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New Yervoy (ipilimumab) trial in Sydney


JimJimJimJim

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JimJimJimJim

No one can be sure if a new drug will fight the cancer or not.

The only way to find out is to run a trial.

In most trials some men get the drug, others get a different drug, or a placebo (fake) drug that looks like the real thing.

If you are metastatic, and have not had chemotherapy with something like taxotere there is a new drug being trialled - Ipilimumab, brand name Yervoy.

A new Ipilimumab trial - metastatic pre-chemo is open (including a Kogarah hospital in Sydney).

Yervoy (ipilimumab) is an antibody that is a brake that prevents immune cells from attacking the body’s own tissues and cells in tumors.

Yervoy (ipilimumab) has been shown to attack melanoma tumors, giving a mean of 4 months survival and is approved for this use in the USA.

It is very expensive, and a committee in the UK has recommended against its adoption for melanoma tumors there because of the price and its side-effects.

The company is currently trialling the drug against prostate cancer, but it is far too early to decide on its effectiveness - the point of this trial.

As of September 2008, Medarex was performing a Phase I/II dose escalation clinical trial of ipilimumab in metastatic hormone-refractory prostate cancer (HRPC). As of 2009, some of the patients with advanced prostate cancer had their tumors drastically shrink, promoting further trials.[22]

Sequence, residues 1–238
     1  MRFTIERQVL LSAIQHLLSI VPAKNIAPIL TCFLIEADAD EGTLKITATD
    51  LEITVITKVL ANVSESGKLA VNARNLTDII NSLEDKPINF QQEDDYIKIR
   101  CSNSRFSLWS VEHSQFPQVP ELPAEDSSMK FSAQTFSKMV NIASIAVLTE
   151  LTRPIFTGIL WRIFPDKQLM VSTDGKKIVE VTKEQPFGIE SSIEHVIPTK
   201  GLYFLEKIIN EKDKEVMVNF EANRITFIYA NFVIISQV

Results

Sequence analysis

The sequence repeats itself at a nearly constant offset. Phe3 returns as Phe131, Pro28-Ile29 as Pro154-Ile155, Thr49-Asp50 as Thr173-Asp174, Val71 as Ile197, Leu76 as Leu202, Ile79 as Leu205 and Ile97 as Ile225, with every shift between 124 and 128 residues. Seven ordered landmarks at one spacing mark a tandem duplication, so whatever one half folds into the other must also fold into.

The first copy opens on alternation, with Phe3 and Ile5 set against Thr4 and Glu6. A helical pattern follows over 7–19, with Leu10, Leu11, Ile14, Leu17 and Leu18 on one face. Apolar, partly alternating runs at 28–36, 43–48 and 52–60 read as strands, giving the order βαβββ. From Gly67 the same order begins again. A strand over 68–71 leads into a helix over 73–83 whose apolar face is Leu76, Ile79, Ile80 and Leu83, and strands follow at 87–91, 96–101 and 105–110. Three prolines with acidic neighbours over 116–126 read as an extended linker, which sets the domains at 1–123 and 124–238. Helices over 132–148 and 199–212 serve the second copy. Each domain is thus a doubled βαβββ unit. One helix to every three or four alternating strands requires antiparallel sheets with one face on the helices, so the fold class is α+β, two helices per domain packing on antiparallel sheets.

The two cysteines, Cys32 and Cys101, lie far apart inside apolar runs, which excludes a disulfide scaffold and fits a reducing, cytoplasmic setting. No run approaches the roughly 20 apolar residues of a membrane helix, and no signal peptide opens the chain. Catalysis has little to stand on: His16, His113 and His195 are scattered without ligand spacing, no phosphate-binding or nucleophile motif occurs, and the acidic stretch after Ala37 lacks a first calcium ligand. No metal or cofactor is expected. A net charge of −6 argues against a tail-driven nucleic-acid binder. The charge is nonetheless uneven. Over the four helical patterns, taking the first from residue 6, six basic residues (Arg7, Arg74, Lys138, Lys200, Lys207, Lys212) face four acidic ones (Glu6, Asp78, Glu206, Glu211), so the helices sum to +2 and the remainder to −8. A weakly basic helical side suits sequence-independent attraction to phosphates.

On June 19, 2009, the Mayo Clinic reported two prostate cancer patients involved in a Phase II study using MDX-010 therapy who had been told initially that their condition was inoperable but had their tumors shrunk by the drug such that operation was possible and are now cancer-free as a result.[23] This press report however was criticized as being somewhat inaccurate and entirely premature. The clinical trials were still at an early stage and were being run alongside other treatments – which could be the real explanation for the tumor shrinkage.[24] It was far too early to say whether ipilimumab has made any difference at all.[25]

So, guidance from your doctor needed if you are considering this one.

Find details of the trial at:

http://clinicaltrial...udy/NCT01057810

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